Did Mitch McConnell keep his word and bury the tea party?
The overwhelming victory of McConnell himself — the embodiment of the Republican establishment — over tea party-aligned Matt Bevin in the Kentucky Republican Senate primary would suggest so. So, many would say, did the victory by Thom Tillis, North Carolina’s speaker of the House, in the Republican primary to take on incumbent Kay Hagan. Tea party Senate candidates in Georgia and Colorado have been vanquished as well.
But most expect Tillis will earn tea party support when the dust clears, and Georgians are expected to line up behind their eventual nominee as well. Chris McDaniel in Mississippi, a tea party challenger to Thad Cochran, who has been in the Senate since 1978, could well win. And David Dewhurst, an establishment Republican stalwart, could lose his job as lieutenant governor of Texas if present trends continue.
This is disturbing not to Republicans but to Democratic operatives and their friends in the media. As Robert Costa and Phillip Rucker wrote in The Washington Post, “Democrats were left disappointed” with Tuesday’s primary results, as “GOP Senate candidates prone to making controversial statements lost to better-financed, more disciplined rivals with the potential to capitalize on Obama’s unpopularity and the troubles with his signature health-care law.”
That is, candidates who can win won, and candidates prone to blow it blew it.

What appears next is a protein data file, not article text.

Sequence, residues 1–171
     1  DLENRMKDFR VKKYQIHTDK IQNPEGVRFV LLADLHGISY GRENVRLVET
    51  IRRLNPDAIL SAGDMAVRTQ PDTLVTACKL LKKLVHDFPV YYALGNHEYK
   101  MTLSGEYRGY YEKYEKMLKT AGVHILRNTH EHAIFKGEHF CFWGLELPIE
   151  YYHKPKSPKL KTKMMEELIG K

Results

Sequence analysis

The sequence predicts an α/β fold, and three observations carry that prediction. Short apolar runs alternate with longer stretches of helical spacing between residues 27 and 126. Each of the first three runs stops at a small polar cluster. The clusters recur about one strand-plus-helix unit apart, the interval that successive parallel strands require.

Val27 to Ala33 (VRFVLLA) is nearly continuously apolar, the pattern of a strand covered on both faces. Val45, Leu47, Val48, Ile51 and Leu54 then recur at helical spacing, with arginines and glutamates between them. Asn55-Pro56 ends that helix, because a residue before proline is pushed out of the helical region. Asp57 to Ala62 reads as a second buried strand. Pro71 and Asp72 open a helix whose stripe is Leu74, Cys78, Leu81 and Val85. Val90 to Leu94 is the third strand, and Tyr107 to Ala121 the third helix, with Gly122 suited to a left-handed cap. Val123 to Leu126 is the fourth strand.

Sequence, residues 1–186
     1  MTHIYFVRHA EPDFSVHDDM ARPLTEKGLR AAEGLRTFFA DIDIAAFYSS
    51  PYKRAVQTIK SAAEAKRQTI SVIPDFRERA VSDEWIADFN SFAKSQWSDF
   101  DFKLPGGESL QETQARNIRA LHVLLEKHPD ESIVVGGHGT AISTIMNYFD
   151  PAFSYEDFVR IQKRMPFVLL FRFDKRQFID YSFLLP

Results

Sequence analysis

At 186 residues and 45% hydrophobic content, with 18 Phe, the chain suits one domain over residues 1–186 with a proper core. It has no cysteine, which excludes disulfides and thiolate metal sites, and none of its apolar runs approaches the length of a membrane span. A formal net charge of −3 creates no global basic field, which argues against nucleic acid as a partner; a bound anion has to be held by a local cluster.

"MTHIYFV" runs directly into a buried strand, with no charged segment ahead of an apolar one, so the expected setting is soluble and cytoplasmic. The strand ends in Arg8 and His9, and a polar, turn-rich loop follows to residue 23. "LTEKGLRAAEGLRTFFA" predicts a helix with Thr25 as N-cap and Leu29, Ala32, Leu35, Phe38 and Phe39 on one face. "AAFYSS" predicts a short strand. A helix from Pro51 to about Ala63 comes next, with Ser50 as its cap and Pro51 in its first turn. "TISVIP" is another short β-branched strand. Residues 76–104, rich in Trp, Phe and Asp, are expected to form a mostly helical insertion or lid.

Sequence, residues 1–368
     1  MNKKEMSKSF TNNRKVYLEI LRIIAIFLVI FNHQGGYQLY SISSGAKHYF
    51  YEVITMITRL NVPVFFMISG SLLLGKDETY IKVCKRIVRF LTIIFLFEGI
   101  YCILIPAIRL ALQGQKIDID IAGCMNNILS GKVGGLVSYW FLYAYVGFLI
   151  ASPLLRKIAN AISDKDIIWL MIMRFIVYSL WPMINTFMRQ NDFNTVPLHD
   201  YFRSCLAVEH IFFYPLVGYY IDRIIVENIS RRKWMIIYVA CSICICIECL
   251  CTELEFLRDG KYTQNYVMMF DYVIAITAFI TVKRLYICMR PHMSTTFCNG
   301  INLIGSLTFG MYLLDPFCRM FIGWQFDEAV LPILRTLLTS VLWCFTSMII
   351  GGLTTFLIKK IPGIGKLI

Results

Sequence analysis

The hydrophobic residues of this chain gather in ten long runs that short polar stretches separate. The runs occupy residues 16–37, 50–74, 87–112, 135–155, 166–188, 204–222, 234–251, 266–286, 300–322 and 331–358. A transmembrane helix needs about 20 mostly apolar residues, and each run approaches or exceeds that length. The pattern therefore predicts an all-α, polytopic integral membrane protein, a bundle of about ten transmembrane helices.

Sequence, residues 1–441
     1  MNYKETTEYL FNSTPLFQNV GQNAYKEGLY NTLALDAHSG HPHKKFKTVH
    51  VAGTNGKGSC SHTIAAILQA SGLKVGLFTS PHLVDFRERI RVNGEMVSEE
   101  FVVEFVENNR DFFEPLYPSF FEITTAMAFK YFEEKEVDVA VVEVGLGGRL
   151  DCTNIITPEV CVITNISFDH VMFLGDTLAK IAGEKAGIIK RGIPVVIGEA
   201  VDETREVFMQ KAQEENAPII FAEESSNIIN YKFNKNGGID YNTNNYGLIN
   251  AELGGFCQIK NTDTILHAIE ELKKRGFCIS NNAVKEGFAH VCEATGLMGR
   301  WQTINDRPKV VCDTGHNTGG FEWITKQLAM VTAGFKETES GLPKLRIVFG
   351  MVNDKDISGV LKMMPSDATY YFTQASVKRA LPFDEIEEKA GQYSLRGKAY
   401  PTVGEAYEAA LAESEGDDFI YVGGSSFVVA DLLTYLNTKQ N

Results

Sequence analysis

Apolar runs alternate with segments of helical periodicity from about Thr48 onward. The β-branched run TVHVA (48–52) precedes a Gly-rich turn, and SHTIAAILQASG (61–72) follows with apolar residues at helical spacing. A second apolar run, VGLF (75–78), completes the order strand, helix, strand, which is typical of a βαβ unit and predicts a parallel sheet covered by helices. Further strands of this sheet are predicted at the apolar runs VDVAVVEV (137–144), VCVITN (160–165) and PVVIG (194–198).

Read more from Ford O'Connell at U.S. News & World Report
Secretary of State John F. Kerry will be on the hot seat next month — slated to be grilled by GOP congressional pit bull Darrell Issa on the alleged White House cover-up of the Benghazi terrorist attacks — in a high-profile hearing that threatens to embroil him in the growing scandal and distract him from his international agenda, critics said yesterday.
“He’s in a no-win situation,” said Erin O’Brien, a political science professor at University of Massachusetts Boston. “If he doesn’t testify, it just gives the story more legs and they say, ‘He’s in a cover-up.’ When he does arrive, it heightens the attention to the story.”
Kerry yesterday agreed to testify on June 12 after Issa’s House Oversight Committee recently released so-called “smoking gun” emails showing the White House misleading the American public on the nature of the Sept. 11, 2012, al-Qaeda-linked terrorist attacks on the U.S. Consulate in Benghazi, Libya, that killed four Americans, including the ambassador.
“As the head of the State Department, you might have an inkling as to where the bodies are buried,” said GOP strategist Ford O’Connell. “It will continue to grow because this is also going parallel to the VA scandal. You’re seeing a pattern by this administration of holding the ball and giving a song and dance over and over.”